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  • Aaron

Real Estate Investor Series Part 6: Conservative Underwriting Part II

The term “conservative underwriting” is thrown around so much that it has lost a lot of its significance. It is also a very subjective term where no real threshold exists to make something "conservative". The dictionary defines conservative as "marked by moderation or caution".

So how cautious (conservative) should you be? Be too cautious, then you will probably find every potential opportunity to be too risky. On the flip side, if you are not cautious enough, then you may be too aggressive and overlook blaring red flags.

In today’s post, I want to break down how we underwrite our deals into general steps to ensure we stay "conservative". Every deal is different and has its own unique challenges; however, below are the steps we take when underwriting every deal.

First, when looking at rents, we will pull rent comps of similar units and look at the price per square foot. We'll speak with multiple property managers to get their opinion on rents and value of the property. We'll usually get a rent range and we will typically take the lower end of that range to underwrite the property.

Second, we'll look at economic vacancies. This includes vacancy, loss-to-lease, bad debt, and concessions. To get to these numbers, we will look at the T12 of the property and the historical market averages. Our total economic vacancy is usually between 11%-13%.

Third, we look at expenses. Again, we look at the T12 and discuss with the property manager where average expenses typically are in a similar property. We look for areas where we can reduce expenses, this many times can be with utilities, administrative costs, renegotiating contract services, etc. Many times, we have to raise expenses in some categories to maintain "conservative" and to bring the property up to our standard.

Fourth, where can we add income-producing items? This can include implementing RUBS and adding amenities, such as laundry, storage, etc.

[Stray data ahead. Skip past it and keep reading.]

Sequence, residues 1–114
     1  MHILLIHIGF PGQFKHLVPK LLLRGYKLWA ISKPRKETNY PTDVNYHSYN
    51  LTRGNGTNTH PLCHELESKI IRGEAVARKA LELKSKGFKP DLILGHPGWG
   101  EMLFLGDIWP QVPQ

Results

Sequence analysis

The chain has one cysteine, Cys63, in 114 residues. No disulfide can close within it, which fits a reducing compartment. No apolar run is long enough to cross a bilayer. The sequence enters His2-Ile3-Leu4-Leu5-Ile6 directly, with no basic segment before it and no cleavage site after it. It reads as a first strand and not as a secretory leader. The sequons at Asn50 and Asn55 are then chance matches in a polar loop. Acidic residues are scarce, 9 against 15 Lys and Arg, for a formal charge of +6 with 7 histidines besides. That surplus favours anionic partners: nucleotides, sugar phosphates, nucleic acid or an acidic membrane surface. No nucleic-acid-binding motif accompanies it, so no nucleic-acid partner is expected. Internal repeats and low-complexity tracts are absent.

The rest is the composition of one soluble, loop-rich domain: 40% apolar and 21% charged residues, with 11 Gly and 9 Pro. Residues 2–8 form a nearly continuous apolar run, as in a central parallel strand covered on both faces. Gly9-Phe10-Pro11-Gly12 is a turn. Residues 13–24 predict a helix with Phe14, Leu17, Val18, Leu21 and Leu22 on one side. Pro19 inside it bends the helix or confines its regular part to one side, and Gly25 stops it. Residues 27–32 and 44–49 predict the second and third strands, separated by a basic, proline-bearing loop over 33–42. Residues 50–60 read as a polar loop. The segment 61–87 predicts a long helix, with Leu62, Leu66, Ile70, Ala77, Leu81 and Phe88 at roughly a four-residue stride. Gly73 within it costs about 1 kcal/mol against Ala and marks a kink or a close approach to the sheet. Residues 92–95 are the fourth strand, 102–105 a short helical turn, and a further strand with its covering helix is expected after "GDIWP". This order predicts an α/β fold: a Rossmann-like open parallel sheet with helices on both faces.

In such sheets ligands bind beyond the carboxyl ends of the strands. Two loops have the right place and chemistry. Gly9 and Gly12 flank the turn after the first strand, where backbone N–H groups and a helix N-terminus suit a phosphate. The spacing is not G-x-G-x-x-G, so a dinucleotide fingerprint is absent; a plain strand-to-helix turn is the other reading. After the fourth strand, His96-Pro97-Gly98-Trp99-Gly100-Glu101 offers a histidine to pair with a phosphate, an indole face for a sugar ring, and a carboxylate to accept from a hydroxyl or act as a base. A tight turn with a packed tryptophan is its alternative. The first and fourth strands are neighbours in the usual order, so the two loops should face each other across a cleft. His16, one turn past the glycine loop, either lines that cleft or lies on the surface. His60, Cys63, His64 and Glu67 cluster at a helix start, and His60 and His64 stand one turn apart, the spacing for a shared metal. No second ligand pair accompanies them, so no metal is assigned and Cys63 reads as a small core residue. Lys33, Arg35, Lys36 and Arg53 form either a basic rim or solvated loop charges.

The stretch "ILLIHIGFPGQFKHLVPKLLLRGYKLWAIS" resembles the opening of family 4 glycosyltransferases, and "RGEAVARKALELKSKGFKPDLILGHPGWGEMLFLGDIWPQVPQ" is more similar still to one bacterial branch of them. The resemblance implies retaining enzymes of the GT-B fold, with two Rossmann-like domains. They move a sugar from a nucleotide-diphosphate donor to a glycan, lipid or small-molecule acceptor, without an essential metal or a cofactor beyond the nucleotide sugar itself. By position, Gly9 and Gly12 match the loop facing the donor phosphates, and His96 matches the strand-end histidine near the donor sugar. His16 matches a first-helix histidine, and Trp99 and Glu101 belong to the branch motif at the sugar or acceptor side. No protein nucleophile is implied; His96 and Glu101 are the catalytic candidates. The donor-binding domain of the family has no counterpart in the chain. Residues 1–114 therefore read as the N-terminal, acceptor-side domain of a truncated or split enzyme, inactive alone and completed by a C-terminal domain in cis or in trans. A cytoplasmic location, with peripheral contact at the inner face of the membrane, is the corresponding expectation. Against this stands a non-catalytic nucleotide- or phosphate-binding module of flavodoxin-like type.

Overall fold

Fifth, we will look at the type of lending we can get. We'll add a few basis points to the rates we are being quoted by the lender just in case the rates jump during our acquisition process. We'll also keep a healthy cash reserve of around 6 months of debt service.

Sixth, we will look at the capitalization rate (cap rate) of the property. What is the cap rate for other properties in the area? Because it is nearly impossible to use comps of other commercial properties, the cap rate is one of the primary ways properties are valued. The reason comps are not used is because no two properties are the same. The difference in floor plans, amenities, square footage, and location all result in different rents for a given property. There are just too many differences between properties to use comparison sales as an effective method of valuation. We will increase 10 bps (or 0.10%) in cap rate per year the property is held in order to stay conservative.

The steps above outline our general underwriting steps. Every opportunity is different and the approaches will be different as well. Through experience, you will learn how to tweak the numbers that will make the most impact on the overall returns of the deal. This is a double-edged sword as an underwriter can manipulate the numbers to look like sunshine and rainbows if they are overly aggressive. Pushing the limits on the underwriting may be necessary to get a deal to work, but be wary of what is manipulated and how far it is pushed. Underwriting is an art and not a science.


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